The Gender and Sexuality Studies Program (GSS) at the University of La Verne provides students an environment to think critically about gender and sexuality within the complex weave of cultural, historical, political, and social forces. Taught by faculty across the full spectrum of the College of Arts and Sciences, the program sponsors a minor, annual conference, and numerous campus-wide activities including performance productions, workshops, lectures, publications and art exhibits.
Gender and sexuality are deeply shaped by context, location, and other significant identities, such as race, class, nationality, religion, age, and ability. Explore the GSS program to learn how they intersect – and why.
What can you do with a GSS Minor?
Graduates with an emphasis in Gender and Sexuality Studies have successful careers in law, politics and public service, education, business, medicine, social work, community leadership and the arts. Many GSS minors pursue advance degrees and have successfully completed graduate or professional school programs.
The development of women’s agencies and gay/lesbian/ bisexual/transgender organizations is spurring demand for graduates with specializations in these areas. There is growing demand in the professions of law, medicine, social work, teaching, counseling, and government service for expertise on gender issues. Similarly, specialists in gender are increasingly being used as consultants in industry, higher education, insurance companies, and personnel firms.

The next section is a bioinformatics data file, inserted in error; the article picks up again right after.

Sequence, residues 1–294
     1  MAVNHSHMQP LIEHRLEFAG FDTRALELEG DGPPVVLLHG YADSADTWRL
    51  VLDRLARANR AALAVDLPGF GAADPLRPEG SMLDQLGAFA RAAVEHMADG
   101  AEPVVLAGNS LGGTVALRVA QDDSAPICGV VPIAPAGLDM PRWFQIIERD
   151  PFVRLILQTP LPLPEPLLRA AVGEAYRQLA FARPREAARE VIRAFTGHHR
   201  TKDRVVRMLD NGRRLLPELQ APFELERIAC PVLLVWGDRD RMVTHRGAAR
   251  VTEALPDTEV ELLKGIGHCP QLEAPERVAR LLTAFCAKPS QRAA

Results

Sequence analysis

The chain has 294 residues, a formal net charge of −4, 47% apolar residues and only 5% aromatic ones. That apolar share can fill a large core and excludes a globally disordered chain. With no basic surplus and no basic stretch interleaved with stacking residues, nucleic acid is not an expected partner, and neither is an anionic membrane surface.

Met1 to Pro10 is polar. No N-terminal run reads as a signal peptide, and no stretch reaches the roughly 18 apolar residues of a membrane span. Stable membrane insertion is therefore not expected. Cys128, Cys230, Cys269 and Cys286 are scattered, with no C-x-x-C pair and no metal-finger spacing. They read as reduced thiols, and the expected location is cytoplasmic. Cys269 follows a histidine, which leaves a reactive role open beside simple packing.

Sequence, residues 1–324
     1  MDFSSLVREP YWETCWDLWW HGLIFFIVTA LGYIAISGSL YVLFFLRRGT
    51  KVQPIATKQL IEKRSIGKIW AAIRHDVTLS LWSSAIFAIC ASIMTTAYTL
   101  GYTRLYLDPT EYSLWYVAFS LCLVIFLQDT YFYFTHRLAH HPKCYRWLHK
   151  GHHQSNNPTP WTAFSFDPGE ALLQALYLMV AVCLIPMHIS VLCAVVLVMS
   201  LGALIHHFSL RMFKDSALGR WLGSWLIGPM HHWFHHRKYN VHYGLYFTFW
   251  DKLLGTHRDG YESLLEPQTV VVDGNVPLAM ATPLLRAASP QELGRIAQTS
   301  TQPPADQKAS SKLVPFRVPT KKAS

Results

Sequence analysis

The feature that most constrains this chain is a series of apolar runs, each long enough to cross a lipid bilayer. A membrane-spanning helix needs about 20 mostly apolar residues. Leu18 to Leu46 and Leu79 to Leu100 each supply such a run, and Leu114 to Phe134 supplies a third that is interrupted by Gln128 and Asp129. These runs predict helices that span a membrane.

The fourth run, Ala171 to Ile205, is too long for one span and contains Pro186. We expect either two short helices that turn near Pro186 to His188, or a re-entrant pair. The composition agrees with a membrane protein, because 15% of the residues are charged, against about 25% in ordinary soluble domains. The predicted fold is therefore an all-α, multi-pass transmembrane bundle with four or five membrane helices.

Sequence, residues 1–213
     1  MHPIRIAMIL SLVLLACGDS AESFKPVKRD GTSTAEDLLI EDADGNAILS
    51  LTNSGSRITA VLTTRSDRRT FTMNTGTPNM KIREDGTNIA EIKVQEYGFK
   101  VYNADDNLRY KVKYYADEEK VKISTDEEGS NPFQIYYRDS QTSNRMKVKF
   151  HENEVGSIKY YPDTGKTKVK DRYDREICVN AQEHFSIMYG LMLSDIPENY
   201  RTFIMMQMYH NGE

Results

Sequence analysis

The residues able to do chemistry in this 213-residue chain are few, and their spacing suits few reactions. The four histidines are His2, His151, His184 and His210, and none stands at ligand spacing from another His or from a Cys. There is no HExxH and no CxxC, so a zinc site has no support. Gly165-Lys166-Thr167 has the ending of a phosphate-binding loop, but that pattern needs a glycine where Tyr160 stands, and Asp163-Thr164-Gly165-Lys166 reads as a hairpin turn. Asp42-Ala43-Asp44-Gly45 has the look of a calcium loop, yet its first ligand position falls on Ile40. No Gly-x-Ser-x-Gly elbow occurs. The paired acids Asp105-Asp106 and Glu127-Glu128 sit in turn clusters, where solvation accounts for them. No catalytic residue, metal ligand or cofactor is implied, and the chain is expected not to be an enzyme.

Many employers prefer graduates schooled in the liberal arts because of their strong organizational, critical thinking and communication abilities. The GSS minor encourages the development of important analytical and research skills, writing and communication, leadership and organization that can be applied in a broad range of occupations. The interdisciplinary nature of the GSS minor produces well-rounded, innovative and flexible thinkers who understand and respect the increasingly global, diverse and multicultural world in which we now live.